graft

Definitions

  • WordNet 3.6
    • v graft place the organ of a donor into the body of a recipient
    • v graft cause to grow together parts from different plants "graft the cherry tree branch onto the plum tree"
    • n graft the act of grafting something onto something else
    • n graft the practice of offering something (usually money) in order to gain an illicit advantage
    • n graft (surgery) tissue or organ transplanted from a donor to a recipient; in some cases the patient can be both donor and recipient
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Webster's Revised Unabridged Dictionary
  • Interesting fact: Back in 1919, the Russian transplant pioneer Serge Voronoff made headlines by grafting monkey testicles onto human males.
    • n Graft (Surg) A small shoot or scion of a tree inserted in another tree, the stock of which is to support and nourish it. The two unite and become one tree, but the graft determines the kind of fruit.
    • Graft A “soft thing” or “easy thing;” a “snap.”
    • Graft Acquisition of money, position, etc., by dishonest or unjust means, as by actual theft or by taking advantage of a public office or any position of trust or employment to obtain fees, perquisites, profits on contracts, legislation, pay for work not done or service not performed, etc.; illegal or unfair practice for profit or personal advantage; also, anything thus gained.
    • Graft (Naut) To cover, as a ring bolt, block strap, splicing, etc., with a weaving of small cord or rope-yarns.
    • Graft (Surg) To implant a portion of (living flesh or akin) in a lesion so as to form an organic union.
    • Graft To insert (a graft) in a branch or stem of another tree; to propagate by insertion in another stock; also, to insert a graft upon.
    • v. i Graft To insert scions from one tree, or kind of tree, etc., into another; to practice grafting.
    • Graft To join (one thing) to another as if by grafting, so as to bring about a close union. "And graft my love immortal on thy fame !"
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Century Dictionary and Cyclopedia
  • Interesting fact: Coral (pro osteon) has molecular architecture and chemistry similar to human bone and so it can be used to replace bone grafts, helping bones heal faster. 150-200 pounds of it can sustain hundreds of graphs
    • n graft Same as graff, 2.
    • n graft A small shoot or scion of a tree inserted in another tree as the stock which is to support and nourish it. The graft and stock unite and become one tree, but the graft determines the kind of fruit. See grafting
    • n graft Figuratively, something inserted in or incorporated with another thing to which it did not originally belong; an extraneous addition.
    • n graft Specifically In surgery, a portion of living tissue, as a minute bit of skin, cut from some part of an animal or person and implanted to grow upon some other individual or some other part of the same individual.
    • graft To insert, as a scion or graft, or a scion or graft of, into a different stock, for joint growth: as, to graft a slip from one tree into another; to graft the pear upon the quince. See grafting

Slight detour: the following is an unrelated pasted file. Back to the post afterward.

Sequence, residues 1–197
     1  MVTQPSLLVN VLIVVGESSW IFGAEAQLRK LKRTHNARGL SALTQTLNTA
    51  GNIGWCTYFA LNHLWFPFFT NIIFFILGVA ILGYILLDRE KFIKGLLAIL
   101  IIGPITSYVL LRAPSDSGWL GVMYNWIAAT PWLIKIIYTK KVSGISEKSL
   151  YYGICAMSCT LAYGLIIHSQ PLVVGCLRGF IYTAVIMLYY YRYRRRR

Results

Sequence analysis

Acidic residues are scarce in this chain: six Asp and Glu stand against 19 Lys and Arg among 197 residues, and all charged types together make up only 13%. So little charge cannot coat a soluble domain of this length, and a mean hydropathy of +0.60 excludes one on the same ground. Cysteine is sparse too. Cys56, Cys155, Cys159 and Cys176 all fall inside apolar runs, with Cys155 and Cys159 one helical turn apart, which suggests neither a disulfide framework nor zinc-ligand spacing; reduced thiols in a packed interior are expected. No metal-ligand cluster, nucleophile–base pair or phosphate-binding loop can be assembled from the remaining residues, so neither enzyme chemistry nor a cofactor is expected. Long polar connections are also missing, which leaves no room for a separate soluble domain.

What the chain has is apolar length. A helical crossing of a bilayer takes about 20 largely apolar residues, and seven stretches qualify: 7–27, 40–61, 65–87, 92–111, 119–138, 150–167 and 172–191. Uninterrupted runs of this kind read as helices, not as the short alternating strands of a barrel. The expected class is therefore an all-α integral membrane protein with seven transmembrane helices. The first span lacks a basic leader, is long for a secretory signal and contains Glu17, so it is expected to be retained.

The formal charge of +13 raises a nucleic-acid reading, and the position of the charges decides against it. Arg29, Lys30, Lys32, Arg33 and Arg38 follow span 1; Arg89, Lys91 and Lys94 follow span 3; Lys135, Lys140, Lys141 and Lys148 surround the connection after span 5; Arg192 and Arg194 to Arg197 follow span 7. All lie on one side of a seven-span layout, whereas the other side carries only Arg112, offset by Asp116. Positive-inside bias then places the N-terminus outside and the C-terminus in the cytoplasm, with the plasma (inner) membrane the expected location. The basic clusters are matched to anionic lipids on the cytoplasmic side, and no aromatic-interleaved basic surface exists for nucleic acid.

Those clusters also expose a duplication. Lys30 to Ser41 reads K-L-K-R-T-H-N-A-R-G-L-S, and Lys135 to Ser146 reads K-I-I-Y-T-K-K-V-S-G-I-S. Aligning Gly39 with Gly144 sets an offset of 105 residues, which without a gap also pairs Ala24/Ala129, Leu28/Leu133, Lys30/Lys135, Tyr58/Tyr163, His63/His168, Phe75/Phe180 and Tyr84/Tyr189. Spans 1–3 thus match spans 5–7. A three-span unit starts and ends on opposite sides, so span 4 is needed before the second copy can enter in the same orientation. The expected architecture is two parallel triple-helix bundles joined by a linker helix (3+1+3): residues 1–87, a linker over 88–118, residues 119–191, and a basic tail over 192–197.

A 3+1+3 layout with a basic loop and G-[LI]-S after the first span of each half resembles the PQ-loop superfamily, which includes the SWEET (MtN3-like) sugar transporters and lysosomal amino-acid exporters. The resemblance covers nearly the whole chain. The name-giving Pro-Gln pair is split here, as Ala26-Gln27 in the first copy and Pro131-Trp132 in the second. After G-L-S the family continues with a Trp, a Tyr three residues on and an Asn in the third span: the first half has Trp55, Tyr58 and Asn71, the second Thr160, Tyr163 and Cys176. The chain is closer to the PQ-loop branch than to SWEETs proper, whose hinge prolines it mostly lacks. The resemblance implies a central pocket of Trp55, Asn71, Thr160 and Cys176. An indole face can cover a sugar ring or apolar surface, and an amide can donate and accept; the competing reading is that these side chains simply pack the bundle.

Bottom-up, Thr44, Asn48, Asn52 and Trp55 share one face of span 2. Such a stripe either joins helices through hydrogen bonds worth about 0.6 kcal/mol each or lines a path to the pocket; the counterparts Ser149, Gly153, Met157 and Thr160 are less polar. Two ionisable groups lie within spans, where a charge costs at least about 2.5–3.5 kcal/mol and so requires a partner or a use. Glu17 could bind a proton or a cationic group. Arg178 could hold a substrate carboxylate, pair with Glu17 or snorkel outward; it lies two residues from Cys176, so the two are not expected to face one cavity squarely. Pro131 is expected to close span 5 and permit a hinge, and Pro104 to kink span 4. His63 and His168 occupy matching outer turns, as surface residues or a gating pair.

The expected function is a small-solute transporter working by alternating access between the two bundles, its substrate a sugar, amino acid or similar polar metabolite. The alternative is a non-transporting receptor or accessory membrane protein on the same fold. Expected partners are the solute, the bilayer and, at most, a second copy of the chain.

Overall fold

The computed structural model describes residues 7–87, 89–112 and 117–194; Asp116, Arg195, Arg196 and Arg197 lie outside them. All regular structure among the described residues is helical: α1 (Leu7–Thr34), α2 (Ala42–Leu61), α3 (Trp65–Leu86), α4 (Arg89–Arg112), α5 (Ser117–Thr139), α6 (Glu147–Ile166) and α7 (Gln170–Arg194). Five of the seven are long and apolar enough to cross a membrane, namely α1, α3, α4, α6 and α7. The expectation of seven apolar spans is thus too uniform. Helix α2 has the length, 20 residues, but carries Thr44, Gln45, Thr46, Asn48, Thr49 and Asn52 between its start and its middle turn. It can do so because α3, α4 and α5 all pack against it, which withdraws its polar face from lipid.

• graft To fix a graft or grafts upon; treat by the operation of grafting.
    • graft Hence To insert into or incorporate with something else; fix upon something as a basis or support: as, to graft a pagan custom upon Christian institutions.
    • graft In surgery, to implant for growth in a different place, as a piece of skin.
    • graft Nautical, to weave over with fine lines in an ornamental manner, as a block-strap, ring-bolt, etc.
    • graft To insert scions from one tree, or kind of tree, into another.
    • n graft l. The depth of a spade in digging; the amount of earth turned up in one turn of the spade.
    • n graft A narrow crescent-shaped spade, used in cutting drains.
    • n graft Work; labor.
    • n graft A job or a trade.
    • graft To work.
    • n graft Dishonest gain acquired by private or secret practices or corrupt agreement or connivance, especially in positions of trust, as by offering or accepting bribes (directly or in the veiled form of commissions, fees, gifts, or philanthropic contributions), or by promising or using, directly or indirectly, one's official influence or power to assist or protect wrongdoing, or by levying blackmail—all in a private way and often disguised so as to seem the customary and proper course of business. The word graft, with its derivates, came suddenly into extensive use in the political and journalistic language of the United States about 1901, as a new term more convenient in some respects than the equivalent terms bribery, corruption, dishonesty, blackmail, ‘boodling,’ all of which it connotes, and of which it is a succinct synonym.
    • n graft A business, process, place of concourse, or office, in or at which dishonest gain, by corruption or direct thieving, may be acquired.
    • graft To engage in graft; live by graft. See graft, n., and compare quotation from Farmer under graft, intransitive verb
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Chambers's Twentieth Century Dictionary
    • v.t Graft graft to make an incision in a tree or plant, and insert in it a small branch of another, so as to make a union of the two: to insert in something anything not belonging to it: to incorporate one thing with another: to transplant, as a piece of tissue, from one part to another
    • v.i Graft to insert cuttings into a tree
    • n Graft a small branch used in grafting
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Quotations

  • George Santayana
    George%20Santayana